The tiny cemetery was in a heavily forested area near a lake. We followed other cars down a long, narrow, muddy road to get there. Circling through the cemetery, there was nowhere to park. The small area was packed with cars and people. We drove back down the road a ways until we found a spot and then walked back up to the crowd.
At the edge of the crowd, we stood some distance from the ceremony. The graveside service was brief. As it ended and the first shovel of dirt was thrown into the small hole, the baby’s mother, Gloria, let out a loud wail and hung on to James, sobbing.
Roland nudged and we began walking back to the car. As I stepped over yesterday’s puddles, I glanced back at the slowly dispersing crowd.
What happened to that baby girl? I wondered, why won’t Roland tell me what happened?
The Need for this Book:
Roland grew up watching members of his family die of alcoholism, child abuse, suicide and violence on the reservation.
Drugs, alcohol and gang activity are heavy and rampant on many reservations. There are children dying within Indian Country whose names don’t make it to the media and for whom justice is never given.
“[A]lmost 40 children [have been] returned to on-reservation placements in abusive homes, many headed by known sex offenders, at the direction of the Tribal Chair. These children remain in the full time care and custody of sexual predators available to be raped on a daily basis. Since I filed my first report noting this situation, nothing has been done by any of you to remove these children to safe placements,” Thomas Sullivan, Regional Admin of the Administration of Children and Families in Denver, wrote in a report to his DC superiors in February, 2013.
A year later, Mr. Sullivan, stated nothing has changed, despite political posturing by numerous federal and tribal officials.
What cannot be denied is that a large number of tribal members are dying from alcoholism, drug abuse, suicide, and violence. While leaders argue why this is happening, the facts are, according to the American Indian Health Council, “crime victimization rates in the American Indian community are significantly higher than in the general U.S. population.”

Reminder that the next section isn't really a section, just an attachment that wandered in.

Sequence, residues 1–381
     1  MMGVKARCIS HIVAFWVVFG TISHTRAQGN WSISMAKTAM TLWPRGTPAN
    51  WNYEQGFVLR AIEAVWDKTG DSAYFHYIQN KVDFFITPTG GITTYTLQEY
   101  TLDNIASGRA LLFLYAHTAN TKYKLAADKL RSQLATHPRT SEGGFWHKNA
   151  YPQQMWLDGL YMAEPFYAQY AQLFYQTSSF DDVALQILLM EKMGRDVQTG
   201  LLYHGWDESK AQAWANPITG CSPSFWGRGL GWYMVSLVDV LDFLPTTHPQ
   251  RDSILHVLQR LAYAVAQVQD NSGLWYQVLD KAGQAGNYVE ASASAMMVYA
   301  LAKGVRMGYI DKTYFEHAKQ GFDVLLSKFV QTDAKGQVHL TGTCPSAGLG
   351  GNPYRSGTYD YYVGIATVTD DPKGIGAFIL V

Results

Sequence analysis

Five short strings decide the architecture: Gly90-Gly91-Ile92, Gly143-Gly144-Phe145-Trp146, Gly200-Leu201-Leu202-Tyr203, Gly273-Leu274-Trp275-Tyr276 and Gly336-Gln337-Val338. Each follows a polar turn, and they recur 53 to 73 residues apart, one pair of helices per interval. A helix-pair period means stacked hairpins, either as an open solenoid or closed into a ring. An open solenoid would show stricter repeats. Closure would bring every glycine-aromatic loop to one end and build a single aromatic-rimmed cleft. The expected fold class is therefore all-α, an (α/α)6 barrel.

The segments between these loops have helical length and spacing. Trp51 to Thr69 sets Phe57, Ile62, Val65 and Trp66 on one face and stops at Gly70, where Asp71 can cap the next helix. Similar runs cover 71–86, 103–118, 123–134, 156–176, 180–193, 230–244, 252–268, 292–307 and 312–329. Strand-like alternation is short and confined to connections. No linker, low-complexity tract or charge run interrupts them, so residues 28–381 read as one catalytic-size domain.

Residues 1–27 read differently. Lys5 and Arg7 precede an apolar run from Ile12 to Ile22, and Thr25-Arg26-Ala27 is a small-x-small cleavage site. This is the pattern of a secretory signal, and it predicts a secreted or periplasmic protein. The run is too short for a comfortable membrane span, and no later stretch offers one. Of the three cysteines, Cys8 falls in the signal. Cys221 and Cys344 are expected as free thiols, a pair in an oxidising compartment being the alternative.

Abuses are rampant on many reservations because the U.S. Government has set up a system that allows extensive abuse to occur unchecked and without repercussion.
Painting by author, 1988
Dying in Indian Country explains through this family’s well documented story, how Congress, federal agencies, welfare benefits, and the current reservation system itself are all responsible for the destruction of Native American families.
Though this book tells the reality and politics of family life on the reservation, the greater story is the spiritual transformation that takes place in the heart of Roland Morris. The reader experiences the journey of change in Roland as it slowly takes place. More than the trauma and politics within this book, this is also a true story about a transformed life.
The first section shares the family’s anguish as they sink into alcoholism and drug abuse. The second describes a transformational event in the father’s life which not only brings him to lead his family out of despair, but results in the family refusing welfare entitlements and fighting against tribal corruption and sovereignty.
Comments About Dying in Indian Country
“…a compassionate & honest portrayal…I highly recommend it to you!” Reed Elley, former MP, Canada; Chief Critic Indian Affairs, Pastor
“…hope emerging from despair… This is a story about an amazing life journey.” Darrel Smith. Writer, Rancher, SD
Dr. Allen, who also wrote a forward for the book, stated that Dying in Indian Country is –
“…truly gripping, with a good pace.” Dr. William B. Allen, Emeritus Professor, Political Science, MSU, & former Chair U.S. Commission on Civil Rights